Itís that time of year again where hockey fans start to salivate at the thought of a new NHL season. The NHL Entry Draft is over, free agency saw many players changing teams and now training camps are just around the corner. Like most hockey fans you are probably in some sort of hockey pool and we at Fantasy Hockey Coach want to help you do the best job you can. We offer free rankings and columns as well we have a 180 page Pool Guide that you can purchase for $3, so come check us out at www.fantasyhockeycoach.com.
There are two main types of hockey pools (keeper and one-year). Keeper hockey pools are pools that allow you to select a certain number of players from your roster to keep heading into a new season and then you will draft the rest of your roster. One-year pools are pools where you draft a new roster every single year. Lets take a quick look at the different scoring options for hockey pools:
Rotisserie: You receive points based on how you rank in the selected scoring categories. For example, if your were in a pool with 10 teams and you finished with 1st in goals, 4th in assists and 10th in wins your scoring would be 10 points for goals, 6 points for assists and 1 point for wins.
Points-Based: You receive points based on the accumulation of pre-determined points for each scoring category. For example, if you reward 2 points for each goal, 1 point for each assist, 2 points for each win and 2 points for a shutout then you use those values against what the stats of the players you drafted to determine your total.
Head-to-Head: Your fantasy team competes against another fantasy team in your pool for a predetermined time frame, usually a week (Monday-Sunday) and based on how your team does in the scoring categories determines how what scoring record you get. For example, if you beat your opponent in goals and wins, lost to your opponent in assists and tied for shutouts you would have a scoring record of 2 wins, 1 loss and 1 tie.
Now that the basics are out of the way the sky is the limit as to how close you want to have your fantasy hockey pool replicate being an NHL GM. Your pool can be as simple as who you draft is who you have all season long, so there is no trades or free agent signings. More complicate pools involve free agent signings, waiver wires, mid-season drafts, injury reserves and trades. Aside from winning your pool, trades can be the most fun and exciting part of your hockey pool. There is nothing like pulling a trade where you know you just stole a bunch of players from your opponent; on the flip side there is nothing lower then making a trade and realizing that you just got burnt. The keys to any trade is to make sure you get the best player in the deal and to always trade with your head NOT your heart.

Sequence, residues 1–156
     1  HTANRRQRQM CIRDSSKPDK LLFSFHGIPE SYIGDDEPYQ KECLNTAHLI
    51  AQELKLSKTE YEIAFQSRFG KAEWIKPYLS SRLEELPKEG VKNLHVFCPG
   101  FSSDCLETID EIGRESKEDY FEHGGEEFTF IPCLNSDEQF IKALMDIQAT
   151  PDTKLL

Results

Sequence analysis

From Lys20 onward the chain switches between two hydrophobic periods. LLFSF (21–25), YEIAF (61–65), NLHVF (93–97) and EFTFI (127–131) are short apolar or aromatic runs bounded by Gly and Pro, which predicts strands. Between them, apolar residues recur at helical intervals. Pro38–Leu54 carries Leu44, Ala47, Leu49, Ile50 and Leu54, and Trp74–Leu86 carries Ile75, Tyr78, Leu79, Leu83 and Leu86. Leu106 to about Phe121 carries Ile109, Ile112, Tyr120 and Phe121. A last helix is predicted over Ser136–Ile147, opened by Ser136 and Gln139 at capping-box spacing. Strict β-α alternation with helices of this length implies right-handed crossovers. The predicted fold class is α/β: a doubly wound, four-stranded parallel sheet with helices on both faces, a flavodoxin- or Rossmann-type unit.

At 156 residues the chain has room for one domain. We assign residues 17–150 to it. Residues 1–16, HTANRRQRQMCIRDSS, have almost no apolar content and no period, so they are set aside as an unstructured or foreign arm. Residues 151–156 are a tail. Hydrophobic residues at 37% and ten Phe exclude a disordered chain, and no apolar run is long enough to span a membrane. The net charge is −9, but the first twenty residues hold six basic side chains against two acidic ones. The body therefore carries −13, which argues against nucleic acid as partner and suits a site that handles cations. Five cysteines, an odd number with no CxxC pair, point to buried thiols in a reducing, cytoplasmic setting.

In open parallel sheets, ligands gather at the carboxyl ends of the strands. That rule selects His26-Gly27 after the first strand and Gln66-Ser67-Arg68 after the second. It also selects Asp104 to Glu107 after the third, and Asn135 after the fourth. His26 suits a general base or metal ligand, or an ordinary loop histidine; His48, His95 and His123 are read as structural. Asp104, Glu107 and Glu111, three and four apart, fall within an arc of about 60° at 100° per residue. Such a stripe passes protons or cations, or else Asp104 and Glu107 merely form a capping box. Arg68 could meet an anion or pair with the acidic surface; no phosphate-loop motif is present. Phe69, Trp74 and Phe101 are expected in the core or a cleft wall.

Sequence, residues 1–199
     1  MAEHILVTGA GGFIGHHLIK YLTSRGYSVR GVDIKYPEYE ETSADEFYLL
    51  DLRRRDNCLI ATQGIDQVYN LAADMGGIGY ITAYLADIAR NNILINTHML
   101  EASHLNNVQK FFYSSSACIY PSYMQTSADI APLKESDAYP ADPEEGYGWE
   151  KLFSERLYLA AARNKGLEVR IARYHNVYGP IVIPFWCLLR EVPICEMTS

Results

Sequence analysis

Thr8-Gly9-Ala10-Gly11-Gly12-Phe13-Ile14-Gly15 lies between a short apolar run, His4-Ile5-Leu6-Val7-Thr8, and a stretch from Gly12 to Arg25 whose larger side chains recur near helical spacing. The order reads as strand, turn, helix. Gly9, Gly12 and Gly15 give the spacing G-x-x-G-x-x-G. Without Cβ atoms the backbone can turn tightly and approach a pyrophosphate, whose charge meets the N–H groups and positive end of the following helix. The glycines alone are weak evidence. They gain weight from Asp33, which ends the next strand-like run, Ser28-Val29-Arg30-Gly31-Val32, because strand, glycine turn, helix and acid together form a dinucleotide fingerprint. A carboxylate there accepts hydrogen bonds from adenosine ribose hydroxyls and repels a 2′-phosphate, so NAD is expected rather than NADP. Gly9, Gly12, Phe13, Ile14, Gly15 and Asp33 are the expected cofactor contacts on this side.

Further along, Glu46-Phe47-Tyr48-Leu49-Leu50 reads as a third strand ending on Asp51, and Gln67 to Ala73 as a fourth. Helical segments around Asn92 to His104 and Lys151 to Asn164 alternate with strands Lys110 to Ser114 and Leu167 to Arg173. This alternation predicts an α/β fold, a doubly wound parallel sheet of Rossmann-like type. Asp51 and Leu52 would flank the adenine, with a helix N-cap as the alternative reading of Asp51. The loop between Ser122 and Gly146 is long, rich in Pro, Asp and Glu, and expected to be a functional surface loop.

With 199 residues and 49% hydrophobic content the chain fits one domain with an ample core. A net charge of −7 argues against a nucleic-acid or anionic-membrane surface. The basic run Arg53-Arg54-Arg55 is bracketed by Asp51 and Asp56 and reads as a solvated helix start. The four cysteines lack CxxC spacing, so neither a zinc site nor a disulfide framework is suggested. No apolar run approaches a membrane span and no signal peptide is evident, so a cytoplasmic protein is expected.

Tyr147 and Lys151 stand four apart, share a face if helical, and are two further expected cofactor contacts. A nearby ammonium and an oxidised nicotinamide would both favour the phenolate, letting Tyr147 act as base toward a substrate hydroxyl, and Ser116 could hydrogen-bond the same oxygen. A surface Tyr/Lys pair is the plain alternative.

This weekly column will help you in making decisions regarding your fantasy hockey team, next week we will look at the top 10 forwards, defensemen and goalies that you should target for your fantasy drafts. If you are looking for a website to run your hockey pool stats, we at Fantasy Hockey Coach highly recommend www.fantrax.com. Fantrax is a free service and has all of the options you may need for your hockey pool. Good luck this fantasy hockey season and remember that second place is first loser.
NOTES: The Canucks made some big moves this off-season trying to shore up their powerplay by signing Mathieu Schneider and trading for Christian Ehrhoff. Schneider wonít play every game this season but will run the 1st powerplay unit and can be counted on for 30+ points in 60 games. Ehrhoff will line up on the 2nd powerplay unit and will have plenty of opportunity to bounce up to the top spot because Sami Salo and Schneider will miss a bunch of games. Meanwhile it took a phone call from Vincent Lecavalier and Martin St. Louis to convince Alex Tanguay to sign with Tampa Bay. Tanguay is loaded with offensive ability but has not been able to show the same scoring consistency that he had in Colorado. If he can land on the 1st line with Lecavalier and St. Louis then 80 points is a strong possibility.